Don Schwartz Spotlight on Documentaries
Welcome to the Blog of actor/journalist/personal historian Don Schwartz.
Don has been published in a variety of publications since 1977. His book, Telling Their Own Stories: Conversations with Documentary Filmmakers, is available from Amazon in softback or Kindle edition.
Don holds multiple degrees, including a Ph.D. in psychology and counseling from the California Institute of Integral Studies.
Don is a regular guest on our web radio show, The Art of Film Funding, produced by From the Heart Productions, reviewing documentary films with founder Carole Dean—http://www.blogtalkradio.com/the-art-of-film-funding
Don also contributes film reviews and filmmaker profiles to CineSource Magazine online—www.CineSourceMagazine.com
His weekly film review appears in The Marin Post—https://marinpost.org/
You can access Don’s Personal Historian services at:
On August 12, 2004, New Jersey Governor Jim McGreevey appeared on national television, with his wife at his side, and announced he is a ‘gay American’ – and his resignation. This was the death of a political career that had presidential potential.
Directed, produced, and filmed by the prolific Alexandra Pelosi, Fall to
It's an emerging documentary genre, Getting Healthy: May I Be Frank, about an overweight unhappy guy, befriended by a small health-conscious team, recreates himself and his life. 9000 Needles, about a remarkably healthy and fit young man who suffers a massive stroke, and who finally finds help at a facility in China.
Joe Cross, our hero in F
What a fascinating, intriguing, inspiring character Guy Martin is! He became a master chef at a young age, has maintained his 'rank' for many years at France's Le Grand Véfour, hosts tastings for children at that legendary restaurant to introduce them to fine cuisine, and in spite of all that, he must be somewhat somber at the moment—April, 2011.
Published on July 11, 1960, Harper Lee's To Kill a Mockingbird remains a bestseller. Nearly one million copies sold each year, translated into more than forty languages, Pulitzer Prize, the instant-classic film of the instant-classic book won three Academy Awards. This was Harper Lee's first and last published book.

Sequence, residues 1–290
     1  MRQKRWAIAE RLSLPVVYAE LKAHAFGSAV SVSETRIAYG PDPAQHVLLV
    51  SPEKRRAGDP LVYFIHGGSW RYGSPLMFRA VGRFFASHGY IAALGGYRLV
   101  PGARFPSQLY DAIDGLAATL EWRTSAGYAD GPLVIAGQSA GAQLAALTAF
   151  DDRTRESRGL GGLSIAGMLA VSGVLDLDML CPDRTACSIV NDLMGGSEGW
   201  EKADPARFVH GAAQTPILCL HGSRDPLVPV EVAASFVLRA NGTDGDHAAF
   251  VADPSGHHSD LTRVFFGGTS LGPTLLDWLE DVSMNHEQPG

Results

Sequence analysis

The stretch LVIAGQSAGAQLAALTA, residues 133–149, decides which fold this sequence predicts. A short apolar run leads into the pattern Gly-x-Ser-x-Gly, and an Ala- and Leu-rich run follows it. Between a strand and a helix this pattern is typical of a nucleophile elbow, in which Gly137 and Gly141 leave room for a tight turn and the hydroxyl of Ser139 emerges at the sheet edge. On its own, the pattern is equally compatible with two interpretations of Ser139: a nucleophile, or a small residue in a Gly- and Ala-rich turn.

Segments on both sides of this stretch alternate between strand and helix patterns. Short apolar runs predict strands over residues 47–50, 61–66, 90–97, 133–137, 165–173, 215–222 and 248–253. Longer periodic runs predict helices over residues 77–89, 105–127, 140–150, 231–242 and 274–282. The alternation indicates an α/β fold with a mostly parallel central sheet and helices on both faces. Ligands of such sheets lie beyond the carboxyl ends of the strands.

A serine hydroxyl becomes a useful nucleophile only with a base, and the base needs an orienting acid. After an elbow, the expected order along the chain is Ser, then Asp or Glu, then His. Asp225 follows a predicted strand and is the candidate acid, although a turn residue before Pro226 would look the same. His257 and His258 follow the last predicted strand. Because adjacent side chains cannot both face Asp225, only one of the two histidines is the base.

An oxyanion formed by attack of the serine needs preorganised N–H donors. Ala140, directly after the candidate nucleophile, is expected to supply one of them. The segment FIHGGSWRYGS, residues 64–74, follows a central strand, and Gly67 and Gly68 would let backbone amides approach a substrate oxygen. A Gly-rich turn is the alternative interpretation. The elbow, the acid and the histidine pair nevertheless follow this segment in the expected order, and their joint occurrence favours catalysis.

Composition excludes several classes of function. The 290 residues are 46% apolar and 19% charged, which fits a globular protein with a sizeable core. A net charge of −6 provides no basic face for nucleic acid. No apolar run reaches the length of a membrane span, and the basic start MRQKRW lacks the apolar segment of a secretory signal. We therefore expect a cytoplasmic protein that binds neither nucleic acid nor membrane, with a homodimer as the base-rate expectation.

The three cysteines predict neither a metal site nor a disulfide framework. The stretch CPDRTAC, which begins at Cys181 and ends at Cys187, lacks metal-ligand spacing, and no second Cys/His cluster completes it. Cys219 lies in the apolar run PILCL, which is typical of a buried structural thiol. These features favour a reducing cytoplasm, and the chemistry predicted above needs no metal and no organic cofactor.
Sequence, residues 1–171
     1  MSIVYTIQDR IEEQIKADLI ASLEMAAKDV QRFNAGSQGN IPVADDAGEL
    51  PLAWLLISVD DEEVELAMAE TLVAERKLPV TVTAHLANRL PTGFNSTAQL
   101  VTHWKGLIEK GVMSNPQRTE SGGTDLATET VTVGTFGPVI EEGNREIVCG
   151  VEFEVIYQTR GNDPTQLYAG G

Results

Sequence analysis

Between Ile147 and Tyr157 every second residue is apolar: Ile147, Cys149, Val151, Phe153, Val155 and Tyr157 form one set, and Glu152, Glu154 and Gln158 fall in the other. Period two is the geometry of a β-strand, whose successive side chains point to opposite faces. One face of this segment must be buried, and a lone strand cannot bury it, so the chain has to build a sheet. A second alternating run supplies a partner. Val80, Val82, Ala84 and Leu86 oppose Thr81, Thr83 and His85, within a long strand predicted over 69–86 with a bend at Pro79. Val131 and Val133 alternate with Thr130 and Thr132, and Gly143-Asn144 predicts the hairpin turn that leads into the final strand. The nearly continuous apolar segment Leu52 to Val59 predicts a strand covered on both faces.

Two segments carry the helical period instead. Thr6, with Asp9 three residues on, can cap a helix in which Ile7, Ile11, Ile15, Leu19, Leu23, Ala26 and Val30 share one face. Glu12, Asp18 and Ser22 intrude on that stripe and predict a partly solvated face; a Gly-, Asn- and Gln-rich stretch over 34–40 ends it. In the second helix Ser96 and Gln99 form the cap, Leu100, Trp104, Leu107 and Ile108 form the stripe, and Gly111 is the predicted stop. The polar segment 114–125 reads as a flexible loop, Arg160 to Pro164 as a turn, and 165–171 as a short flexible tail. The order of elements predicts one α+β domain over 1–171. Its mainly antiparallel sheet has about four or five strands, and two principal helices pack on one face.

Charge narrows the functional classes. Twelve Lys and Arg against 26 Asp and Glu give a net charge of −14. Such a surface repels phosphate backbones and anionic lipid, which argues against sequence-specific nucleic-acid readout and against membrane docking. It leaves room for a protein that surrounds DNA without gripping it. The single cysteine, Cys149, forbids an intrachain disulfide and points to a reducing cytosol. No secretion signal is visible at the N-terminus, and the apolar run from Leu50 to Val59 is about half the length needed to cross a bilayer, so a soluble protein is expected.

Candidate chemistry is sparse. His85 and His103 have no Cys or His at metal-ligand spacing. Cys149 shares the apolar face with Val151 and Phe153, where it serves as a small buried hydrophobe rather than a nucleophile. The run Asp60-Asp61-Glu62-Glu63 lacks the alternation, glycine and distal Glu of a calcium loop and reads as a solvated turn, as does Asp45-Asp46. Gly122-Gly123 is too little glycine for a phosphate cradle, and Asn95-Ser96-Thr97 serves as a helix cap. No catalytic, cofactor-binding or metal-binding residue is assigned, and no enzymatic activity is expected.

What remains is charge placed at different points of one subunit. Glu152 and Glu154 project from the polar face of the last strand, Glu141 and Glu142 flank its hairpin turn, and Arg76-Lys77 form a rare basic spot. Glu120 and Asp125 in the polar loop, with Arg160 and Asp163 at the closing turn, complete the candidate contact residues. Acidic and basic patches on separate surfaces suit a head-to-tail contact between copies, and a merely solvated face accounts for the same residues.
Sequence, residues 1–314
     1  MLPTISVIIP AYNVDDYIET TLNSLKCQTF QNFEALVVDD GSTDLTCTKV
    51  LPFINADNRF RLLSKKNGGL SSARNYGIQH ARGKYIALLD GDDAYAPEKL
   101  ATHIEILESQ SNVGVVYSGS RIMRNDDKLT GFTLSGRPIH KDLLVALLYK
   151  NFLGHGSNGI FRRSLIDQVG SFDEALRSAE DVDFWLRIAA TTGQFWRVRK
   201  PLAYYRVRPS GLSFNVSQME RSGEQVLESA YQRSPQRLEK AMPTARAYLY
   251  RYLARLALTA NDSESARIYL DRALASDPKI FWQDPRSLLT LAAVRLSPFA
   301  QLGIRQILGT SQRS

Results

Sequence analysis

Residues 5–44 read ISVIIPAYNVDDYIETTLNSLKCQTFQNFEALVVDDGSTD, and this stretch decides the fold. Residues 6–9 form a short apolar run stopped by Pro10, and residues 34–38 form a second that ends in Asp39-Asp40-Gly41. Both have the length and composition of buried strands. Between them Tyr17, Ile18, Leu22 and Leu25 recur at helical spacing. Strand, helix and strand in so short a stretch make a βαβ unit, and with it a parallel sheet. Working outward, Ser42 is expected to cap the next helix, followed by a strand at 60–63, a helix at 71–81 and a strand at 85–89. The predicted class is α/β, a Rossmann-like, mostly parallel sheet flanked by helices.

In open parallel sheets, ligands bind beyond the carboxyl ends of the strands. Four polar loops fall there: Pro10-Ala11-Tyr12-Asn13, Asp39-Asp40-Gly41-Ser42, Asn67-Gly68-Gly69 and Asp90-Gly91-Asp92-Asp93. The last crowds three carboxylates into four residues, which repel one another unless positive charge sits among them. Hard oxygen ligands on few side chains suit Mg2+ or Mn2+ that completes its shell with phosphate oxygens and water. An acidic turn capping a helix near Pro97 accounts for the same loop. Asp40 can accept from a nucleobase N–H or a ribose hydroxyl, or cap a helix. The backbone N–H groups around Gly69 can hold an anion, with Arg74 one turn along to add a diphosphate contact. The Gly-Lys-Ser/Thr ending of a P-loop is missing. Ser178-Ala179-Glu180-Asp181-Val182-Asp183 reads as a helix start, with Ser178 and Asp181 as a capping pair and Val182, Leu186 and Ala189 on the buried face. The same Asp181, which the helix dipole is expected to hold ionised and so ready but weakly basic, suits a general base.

Many documentaries shoot, of necessity, with low budgets, and in cinema vérité – a visual approach used now in countless film and television productions.
And some documentary films are carefully crafted. They may feature distinguished people speaking in distinguished settings with archival material presented in elegant manners. These films are produced with larg
I'm Dangerous with Love accomplishes all that a standard-bearing documentary should. Michel Negroponte's film takes us to places we've never been, provides information we've never known, and tells the Hero's story of Dimitri Mugianis.
It is a given that a documentary film that covers the life and work of a legendary, globally-based architect must be produced with quality commensurate with the architect's work. The filmmakers of How Much Does Your Building Weigh, Mr. Foster have met that criterion in covering the life and accomplishments of Norman Foster.
His Way opens with a series of quick cuts of famous people sharing observations of legendary Hollywood producer Jerry Weintraub. They sketch a portrait of a man equally noble and ignoble – depending on your perspective and, especially, on which of his two lists you're on.
Douglas McGrath directs this affectionate look at Weintraub who – with his J
Winner of the 2000 Oscar for best feature documentary, Into the Arms of Strangers tells of the humanitarian exodus, in 1938-1939, of children from Germany, Austria, and Czechoslovakia to The United Kingdom.
The transport was initiated and supported by the people and government of Great Britain. Ten thousand children were saved by the ‘Kindertrans
Produced for television in 2003, A Model for Matisse is a sweet, simple, gratifying story of the friendship between the aging artist and 21-year old nursing student Monique Bourgeois – who eventually became Sister Jacques-Marie.
The two met in Nice, in 1941, when Matisse was recovering from canc